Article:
Steamboat police chief wants more of state’s marijuana tax revenues
Steamboat Springs — Steamboat Springs Police Chief Joel Rae said Thursday that he is one of many police officials in Colorado who is “disappointed” with how Gov. John Hickenlooper wants to spend marijuana tax revenues.
A letter dated Monday from the Colorado Association of Chiefs of Police asks Hickenlooper to set aside 10 to 15 percent of the state’s marijuana revenues for local law enforcement.
The Denver Post reported that a budget proposal Hickenlooper sent to the Legislature last month estimated marijuana revenues next fiscal year will be more than $133 million, but only a little more than $3 million is designated for statewide law enforcement and public safety programs.
Hickenlooper is proposing spending more than $85 million of the revenues on youth marijuana use prevention and addiction treatment.
The letter from the police chiefs included a prioritized list of funding needs to mitigate potential problems associated with the proliferation of marijuana in the state.
At the top of the list is providing funding that will allow police departments to train officers to better detect when a driver might be under the influence of marijuana.
Many of the officers at the Steamboat Springs Police Department already have received this training.
Rae said making sure people are not driving under the influence of marijuana is one of his priorities, and more funding would help them “arm our police officers with the training and tools to keep our roads safe.”
“Road safety, street safety, highway safety is huge,” Rae said.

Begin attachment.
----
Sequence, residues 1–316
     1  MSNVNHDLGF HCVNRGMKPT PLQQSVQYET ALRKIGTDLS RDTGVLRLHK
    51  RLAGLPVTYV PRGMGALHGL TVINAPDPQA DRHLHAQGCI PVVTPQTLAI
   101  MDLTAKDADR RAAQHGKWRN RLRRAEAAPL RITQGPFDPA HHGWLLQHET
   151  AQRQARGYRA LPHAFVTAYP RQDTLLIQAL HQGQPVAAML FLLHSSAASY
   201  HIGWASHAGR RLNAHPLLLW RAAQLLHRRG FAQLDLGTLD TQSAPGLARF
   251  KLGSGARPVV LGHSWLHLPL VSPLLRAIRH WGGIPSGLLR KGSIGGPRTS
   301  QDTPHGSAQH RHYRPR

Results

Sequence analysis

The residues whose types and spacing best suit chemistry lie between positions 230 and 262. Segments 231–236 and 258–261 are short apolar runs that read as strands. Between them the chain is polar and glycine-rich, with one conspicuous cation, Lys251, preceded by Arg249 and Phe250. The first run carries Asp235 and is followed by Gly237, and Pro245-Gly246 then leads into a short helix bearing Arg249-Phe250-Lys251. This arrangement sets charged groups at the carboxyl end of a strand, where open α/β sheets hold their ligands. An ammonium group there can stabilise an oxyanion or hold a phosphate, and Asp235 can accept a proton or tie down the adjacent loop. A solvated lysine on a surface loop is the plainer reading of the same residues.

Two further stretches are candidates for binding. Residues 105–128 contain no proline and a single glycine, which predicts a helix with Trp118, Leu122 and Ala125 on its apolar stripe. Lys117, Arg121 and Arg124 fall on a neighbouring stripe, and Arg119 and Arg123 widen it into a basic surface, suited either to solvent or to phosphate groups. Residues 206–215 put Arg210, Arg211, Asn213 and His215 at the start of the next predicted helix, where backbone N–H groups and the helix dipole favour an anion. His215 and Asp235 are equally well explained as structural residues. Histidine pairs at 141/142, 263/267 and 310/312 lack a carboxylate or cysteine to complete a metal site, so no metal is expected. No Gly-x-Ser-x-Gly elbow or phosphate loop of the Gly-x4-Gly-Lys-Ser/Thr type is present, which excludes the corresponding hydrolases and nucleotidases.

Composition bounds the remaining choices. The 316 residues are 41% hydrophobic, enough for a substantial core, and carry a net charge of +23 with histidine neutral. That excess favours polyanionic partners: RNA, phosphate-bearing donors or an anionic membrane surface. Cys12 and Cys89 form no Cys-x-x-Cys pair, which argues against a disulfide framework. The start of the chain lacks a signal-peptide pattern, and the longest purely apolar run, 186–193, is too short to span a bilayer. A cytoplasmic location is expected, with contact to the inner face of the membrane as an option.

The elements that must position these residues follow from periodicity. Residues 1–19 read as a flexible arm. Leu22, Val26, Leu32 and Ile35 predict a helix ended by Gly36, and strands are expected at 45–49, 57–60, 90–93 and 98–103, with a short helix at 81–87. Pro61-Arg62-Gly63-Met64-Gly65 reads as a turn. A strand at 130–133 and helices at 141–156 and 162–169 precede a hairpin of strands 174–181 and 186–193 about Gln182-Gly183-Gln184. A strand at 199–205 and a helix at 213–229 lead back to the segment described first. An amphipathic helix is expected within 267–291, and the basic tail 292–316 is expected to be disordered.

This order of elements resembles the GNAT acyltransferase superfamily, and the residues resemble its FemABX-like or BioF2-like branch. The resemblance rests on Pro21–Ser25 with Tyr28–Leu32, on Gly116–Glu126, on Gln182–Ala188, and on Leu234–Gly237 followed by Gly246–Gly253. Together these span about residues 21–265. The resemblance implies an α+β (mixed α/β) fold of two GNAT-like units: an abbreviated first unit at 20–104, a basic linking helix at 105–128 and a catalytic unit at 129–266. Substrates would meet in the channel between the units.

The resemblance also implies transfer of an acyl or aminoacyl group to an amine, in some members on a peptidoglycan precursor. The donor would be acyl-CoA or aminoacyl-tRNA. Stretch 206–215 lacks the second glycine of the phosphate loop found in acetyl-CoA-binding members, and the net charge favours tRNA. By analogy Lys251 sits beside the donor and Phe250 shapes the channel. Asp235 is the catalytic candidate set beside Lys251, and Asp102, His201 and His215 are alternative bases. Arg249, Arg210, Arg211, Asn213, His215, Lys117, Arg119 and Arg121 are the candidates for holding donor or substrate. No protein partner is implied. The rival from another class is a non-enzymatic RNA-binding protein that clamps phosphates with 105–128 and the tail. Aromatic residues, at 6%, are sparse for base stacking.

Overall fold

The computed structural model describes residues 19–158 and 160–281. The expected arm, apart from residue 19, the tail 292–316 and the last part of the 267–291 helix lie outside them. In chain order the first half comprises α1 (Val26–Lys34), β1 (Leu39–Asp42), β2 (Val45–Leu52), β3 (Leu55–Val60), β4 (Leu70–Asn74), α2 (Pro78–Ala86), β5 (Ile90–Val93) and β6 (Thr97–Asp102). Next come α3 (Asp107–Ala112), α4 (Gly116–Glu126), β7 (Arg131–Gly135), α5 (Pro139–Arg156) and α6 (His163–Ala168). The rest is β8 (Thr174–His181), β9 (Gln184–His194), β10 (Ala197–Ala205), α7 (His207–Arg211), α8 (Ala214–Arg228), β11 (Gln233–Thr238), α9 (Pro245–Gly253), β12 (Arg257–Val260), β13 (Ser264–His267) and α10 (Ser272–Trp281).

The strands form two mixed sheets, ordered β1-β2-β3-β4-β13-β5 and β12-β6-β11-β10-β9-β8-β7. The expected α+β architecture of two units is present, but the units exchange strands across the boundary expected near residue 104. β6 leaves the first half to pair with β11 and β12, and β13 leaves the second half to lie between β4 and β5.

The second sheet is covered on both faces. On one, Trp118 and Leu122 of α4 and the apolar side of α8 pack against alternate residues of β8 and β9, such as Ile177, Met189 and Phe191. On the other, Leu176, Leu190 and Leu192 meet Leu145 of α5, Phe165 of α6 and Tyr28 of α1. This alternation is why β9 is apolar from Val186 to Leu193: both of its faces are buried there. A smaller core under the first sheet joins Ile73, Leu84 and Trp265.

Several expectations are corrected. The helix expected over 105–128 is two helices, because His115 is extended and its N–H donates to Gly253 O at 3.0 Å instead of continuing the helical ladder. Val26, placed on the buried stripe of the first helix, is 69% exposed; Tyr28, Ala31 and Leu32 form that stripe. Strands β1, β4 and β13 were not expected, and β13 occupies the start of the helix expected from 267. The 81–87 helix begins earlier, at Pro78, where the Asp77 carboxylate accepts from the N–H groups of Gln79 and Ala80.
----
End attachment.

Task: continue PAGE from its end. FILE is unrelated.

Rae said that if all three potential retail marijuana businesses in Steamboat came online, they would each be paying about $9,000 annually to the city in license fees. The money goes into the city’s general fund.
“About half of it is really for the time and effort that we put into really monitoring the regulations of the up-and-coming businesses,” Rae said.
More money would allow local police to address other concerns, Rae said.
“There are many aspects of it,” Rae said. “Another piece of that is having resources in our schools to keep drugs out of our schools.”
The letter to Hickenlooper specifically asks for funding to pay for investigations conducted by multijurisdictional drug task forces, such as the All Crimes Enforcement Team, which investigates drug crimes in Routt and Moffat counties.
Rae said the marijuana black market still is thriving locally, and Amendment 64 did not make it legal to traffic marijuana.
“It did not make it legal for everyone to grow marijuana and ship it to other states,” Rae said.
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